Researchers at Cornell University have developed EchoSpeech, a silent-speech recognition interface that employs acoustic-sensing and artificial intelligence to continuously recognize up to 31 unvocalized commands based on lip and mouth movements. This low-power, wearable interface can be operated on a smartphone and requires only a few minutes of user training data for command recognition.
Ruidong Zhang, a doctoral student of information science, is the lead author of “EchoSpeech: Continuous Silent Speech Recognition on Minimally-obtrusive Eyewear Powered by Acoustic Sensing,” which will be presented at the Association for Computing Machinery Conference on Human Factors in Computing Systems (CHI) this month in Hamburg, Germany.
“For people who cannot vocalize sound, this silent speech technology could be an excellent input for a voice synthesizer. It could give patients their voices back,” Zhang said, highlighting the technology’s potential applications with further development.
Real-World Applications and Privacy Advantages
In its current form, EchoSpeech could be used for communicating with others via smartphone in environments where speech is inconvenient or inappropriate, such as noisy restaurants or quiet libraries. The silent speech interface can also be paired with a stylus and utilized with design software like CAD, significantly reducing the need for a keyboard and a mouse.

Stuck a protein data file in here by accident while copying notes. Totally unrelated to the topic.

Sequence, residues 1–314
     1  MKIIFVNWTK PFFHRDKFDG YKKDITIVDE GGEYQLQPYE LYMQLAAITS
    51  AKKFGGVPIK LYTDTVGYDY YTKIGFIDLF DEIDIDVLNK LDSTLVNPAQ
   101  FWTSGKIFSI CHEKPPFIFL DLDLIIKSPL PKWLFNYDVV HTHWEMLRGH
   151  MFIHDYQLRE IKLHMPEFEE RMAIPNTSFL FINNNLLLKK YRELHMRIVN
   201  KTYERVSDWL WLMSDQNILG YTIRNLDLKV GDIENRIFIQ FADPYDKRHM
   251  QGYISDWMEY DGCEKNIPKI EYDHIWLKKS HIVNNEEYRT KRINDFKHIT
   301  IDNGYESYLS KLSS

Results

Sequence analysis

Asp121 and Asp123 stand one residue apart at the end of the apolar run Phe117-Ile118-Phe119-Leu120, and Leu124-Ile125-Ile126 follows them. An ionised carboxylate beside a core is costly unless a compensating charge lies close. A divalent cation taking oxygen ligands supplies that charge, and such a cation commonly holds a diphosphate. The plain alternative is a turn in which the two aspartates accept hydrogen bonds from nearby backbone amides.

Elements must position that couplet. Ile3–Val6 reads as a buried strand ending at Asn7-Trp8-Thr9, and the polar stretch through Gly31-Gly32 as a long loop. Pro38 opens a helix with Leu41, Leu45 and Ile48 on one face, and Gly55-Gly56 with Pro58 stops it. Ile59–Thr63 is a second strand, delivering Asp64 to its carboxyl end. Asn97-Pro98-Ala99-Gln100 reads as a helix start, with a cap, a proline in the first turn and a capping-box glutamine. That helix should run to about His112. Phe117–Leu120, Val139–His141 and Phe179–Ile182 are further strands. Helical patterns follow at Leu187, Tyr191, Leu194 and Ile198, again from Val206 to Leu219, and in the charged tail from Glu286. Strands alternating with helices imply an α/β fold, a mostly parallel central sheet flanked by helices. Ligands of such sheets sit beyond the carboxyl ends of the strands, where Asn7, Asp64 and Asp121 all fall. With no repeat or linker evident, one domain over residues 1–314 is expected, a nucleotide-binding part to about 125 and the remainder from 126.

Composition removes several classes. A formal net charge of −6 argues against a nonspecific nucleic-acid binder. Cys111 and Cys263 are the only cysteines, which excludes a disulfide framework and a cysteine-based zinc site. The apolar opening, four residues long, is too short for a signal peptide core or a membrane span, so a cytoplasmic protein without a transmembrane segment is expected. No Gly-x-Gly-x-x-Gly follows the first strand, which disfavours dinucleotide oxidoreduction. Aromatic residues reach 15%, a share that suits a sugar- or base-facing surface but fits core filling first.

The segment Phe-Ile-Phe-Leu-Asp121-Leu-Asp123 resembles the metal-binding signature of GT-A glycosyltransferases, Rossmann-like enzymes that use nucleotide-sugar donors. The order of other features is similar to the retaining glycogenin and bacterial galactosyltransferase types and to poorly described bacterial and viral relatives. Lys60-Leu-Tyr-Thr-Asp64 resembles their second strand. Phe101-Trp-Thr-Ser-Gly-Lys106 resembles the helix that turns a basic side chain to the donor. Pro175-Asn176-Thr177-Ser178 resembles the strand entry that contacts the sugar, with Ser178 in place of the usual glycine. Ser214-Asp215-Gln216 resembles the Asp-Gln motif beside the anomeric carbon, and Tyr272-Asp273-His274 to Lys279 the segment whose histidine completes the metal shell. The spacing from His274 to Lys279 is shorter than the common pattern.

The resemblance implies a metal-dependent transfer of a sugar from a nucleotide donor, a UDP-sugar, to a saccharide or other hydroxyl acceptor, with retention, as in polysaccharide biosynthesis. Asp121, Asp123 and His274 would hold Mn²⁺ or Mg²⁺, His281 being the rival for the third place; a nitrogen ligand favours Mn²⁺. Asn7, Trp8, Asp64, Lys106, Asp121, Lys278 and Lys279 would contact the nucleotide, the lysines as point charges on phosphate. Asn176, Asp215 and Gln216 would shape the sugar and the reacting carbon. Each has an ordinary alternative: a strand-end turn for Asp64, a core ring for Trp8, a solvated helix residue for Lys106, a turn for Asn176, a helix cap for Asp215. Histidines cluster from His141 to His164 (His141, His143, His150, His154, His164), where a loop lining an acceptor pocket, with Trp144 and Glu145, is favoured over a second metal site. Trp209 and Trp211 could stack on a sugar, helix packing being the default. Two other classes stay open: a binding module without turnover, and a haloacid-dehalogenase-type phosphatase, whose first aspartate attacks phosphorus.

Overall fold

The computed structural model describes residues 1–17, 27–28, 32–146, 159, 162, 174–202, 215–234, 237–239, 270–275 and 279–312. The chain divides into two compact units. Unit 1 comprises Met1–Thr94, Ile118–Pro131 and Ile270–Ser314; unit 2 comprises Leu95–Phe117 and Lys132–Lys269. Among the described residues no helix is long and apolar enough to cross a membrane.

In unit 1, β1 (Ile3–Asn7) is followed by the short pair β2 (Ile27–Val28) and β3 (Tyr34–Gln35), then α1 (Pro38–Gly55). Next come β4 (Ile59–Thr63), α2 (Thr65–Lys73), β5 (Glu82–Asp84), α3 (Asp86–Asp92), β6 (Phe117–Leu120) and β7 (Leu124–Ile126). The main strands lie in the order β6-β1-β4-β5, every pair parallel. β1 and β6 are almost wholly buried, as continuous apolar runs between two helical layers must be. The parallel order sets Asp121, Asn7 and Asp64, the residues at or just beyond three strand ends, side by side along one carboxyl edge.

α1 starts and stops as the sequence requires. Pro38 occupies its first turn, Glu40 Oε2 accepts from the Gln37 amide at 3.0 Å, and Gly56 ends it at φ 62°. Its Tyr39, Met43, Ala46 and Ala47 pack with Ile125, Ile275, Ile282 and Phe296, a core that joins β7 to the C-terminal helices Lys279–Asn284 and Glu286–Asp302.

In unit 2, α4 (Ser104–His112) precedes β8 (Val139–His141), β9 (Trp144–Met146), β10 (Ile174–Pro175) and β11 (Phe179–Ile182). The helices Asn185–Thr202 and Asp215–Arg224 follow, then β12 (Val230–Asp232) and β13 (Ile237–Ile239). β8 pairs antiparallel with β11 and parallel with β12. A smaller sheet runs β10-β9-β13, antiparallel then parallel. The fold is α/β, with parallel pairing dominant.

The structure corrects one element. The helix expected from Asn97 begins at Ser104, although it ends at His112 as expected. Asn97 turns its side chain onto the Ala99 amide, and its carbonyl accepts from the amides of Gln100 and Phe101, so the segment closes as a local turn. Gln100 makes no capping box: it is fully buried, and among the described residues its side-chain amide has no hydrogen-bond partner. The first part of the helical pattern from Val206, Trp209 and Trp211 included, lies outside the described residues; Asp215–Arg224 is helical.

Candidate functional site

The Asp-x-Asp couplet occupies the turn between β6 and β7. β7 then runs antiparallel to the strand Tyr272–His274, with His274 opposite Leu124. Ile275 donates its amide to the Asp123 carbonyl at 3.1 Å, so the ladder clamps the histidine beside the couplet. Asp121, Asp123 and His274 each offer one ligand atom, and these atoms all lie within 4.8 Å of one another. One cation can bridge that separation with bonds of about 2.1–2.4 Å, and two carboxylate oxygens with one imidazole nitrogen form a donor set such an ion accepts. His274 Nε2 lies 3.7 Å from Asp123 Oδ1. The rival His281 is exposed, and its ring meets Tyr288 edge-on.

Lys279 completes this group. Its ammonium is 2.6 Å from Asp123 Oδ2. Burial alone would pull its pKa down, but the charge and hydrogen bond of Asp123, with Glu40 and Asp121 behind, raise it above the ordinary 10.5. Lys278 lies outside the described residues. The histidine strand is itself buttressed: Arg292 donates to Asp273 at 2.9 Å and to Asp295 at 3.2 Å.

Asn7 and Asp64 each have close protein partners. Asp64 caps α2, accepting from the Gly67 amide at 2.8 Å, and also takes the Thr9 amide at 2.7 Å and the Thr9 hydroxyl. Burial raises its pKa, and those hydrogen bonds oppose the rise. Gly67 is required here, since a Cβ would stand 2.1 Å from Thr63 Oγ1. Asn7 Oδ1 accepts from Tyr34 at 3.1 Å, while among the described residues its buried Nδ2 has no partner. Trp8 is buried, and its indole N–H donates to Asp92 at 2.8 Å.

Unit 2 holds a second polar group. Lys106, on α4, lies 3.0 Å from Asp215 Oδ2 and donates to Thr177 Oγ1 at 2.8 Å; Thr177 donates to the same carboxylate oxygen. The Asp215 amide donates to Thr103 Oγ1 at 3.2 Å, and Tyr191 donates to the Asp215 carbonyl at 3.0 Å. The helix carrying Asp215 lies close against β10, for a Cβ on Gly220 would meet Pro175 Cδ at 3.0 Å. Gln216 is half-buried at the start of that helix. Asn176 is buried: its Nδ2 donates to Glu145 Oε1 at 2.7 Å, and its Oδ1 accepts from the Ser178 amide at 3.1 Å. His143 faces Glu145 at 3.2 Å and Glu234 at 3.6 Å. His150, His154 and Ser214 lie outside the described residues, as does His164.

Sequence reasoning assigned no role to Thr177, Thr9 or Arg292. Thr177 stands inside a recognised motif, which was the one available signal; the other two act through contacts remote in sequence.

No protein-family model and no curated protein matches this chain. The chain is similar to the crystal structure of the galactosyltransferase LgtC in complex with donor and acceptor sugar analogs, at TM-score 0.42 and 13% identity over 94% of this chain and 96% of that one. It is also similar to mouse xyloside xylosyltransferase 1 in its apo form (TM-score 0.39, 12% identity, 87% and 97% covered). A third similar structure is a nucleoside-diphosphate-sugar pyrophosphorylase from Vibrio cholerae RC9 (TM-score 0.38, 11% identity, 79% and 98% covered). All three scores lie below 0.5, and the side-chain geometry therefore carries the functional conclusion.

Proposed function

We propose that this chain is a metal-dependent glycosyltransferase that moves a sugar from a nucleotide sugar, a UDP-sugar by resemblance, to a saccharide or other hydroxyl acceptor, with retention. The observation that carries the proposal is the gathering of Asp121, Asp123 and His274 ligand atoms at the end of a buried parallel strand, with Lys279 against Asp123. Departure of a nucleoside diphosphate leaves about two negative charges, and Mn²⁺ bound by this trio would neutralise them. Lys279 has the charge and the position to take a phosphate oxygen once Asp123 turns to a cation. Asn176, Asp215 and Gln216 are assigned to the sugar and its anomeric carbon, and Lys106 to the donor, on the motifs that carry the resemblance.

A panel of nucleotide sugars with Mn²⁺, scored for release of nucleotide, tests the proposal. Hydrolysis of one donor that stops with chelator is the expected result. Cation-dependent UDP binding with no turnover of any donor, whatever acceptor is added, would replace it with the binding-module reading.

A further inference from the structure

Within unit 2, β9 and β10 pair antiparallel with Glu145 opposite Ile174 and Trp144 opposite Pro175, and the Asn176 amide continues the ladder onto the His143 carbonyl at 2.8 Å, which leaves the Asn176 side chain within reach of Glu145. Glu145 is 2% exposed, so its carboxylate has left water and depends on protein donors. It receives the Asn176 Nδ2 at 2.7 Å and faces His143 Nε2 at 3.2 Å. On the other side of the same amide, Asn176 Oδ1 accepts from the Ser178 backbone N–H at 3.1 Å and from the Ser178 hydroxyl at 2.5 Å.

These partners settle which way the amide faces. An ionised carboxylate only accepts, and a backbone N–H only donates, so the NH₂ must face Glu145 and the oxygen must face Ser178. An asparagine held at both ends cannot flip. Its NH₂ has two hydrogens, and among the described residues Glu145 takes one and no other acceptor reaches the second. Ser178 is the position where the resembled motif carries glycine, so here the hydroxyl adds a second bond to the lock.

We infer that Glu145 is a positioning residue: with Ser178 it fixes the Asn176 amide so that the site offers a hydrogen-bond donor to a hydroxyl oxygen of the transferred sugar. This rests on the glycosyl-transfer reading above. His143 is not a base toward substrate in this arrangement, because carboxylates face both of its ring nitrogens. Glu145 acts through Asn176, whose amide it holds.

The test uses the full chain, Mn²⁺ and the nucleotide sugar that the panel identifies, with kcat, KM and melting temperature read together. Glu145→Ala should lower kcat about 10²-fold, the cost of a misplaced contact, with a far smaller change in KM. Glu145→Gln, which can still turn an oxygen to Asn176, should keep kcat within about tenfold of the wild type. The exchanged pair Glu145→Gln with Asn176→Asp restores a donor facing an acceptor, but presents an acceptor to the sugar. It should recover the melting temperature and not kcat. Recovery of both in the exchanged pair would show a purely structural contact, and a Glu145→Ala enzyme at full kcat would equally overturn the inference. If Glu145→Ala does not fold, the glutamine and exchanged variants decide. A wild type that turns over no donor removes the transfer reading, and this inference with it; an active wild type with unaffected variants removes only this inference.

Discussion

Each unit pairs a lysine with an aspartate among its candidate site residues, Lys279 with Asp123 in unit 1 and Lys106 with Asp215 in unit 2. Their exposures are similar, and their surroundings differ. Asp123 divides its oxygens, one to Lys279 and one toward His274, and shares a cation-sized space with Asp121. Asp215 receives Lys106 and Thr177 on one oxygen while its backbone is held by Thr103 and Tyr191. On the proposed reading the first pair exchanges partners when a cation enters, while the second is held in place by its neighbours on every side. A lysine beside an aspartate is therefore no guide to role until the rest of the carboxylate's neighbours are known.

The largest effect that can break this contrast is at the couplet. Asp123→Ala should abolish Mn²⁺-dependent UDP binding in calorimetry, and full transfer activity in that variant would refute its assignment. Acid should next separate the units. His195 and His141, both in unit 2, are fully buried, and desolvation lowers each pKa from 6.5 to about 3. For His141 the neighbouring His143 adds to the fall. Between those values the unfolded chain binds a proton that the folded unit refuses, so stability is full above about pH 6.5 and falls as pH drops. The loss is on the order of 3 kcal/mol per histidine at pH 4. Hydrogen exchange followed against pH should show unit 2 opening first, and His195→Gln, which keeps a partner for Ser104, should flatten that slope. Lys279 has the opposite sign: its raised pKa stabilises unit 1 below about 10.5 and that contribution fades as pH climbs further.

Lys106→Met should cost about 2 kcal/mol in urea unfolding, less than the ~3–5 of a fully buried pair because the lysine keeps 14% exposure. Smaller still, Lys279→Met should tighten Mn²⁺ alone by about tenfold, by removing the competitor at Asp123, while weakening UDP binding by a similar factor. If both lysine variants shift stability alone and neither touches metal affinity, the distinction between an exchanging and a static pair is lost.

Equipped with microphones and speakers smaller than pencil erasers, the EchoSpeech glasses function as a wearable AI-powered sonar system, sending and receiving soundwaves across the face and detecting mouth movements. A deep learning algorithm then analyzes these echo profiles in real-time with approximately 95% accuracy.
“We’re moving sonar onto the body,” said Cheng Zhang, assistant professor of information science and director of Cornell’s Smart Computer Interfaces for Future Interactions (SciFi) Lab.
Existing silent-speech recognition technology typically relies on a limited set of predetermined commands and necessitates the user to face or wear a camera. Cheng Zhang explained that this is neither practical nor feasible and also raises significant privacy concerns for both the user and those they interact with.
EchoSpeech’s acoustic-sensing technology eliminates the need for wearable video cameras. Moreover, since audio data is smaller than image or video data, it requires less bandwidth to process and can be transmitted to a smartphone via Bluetooth in real-time, according to François Guimbretière, professor in information science.
“And because the data is processed locally on your smartphone instead of uploaded to the cloud,” he said, “privacy-sensitive information never leaves your control.”
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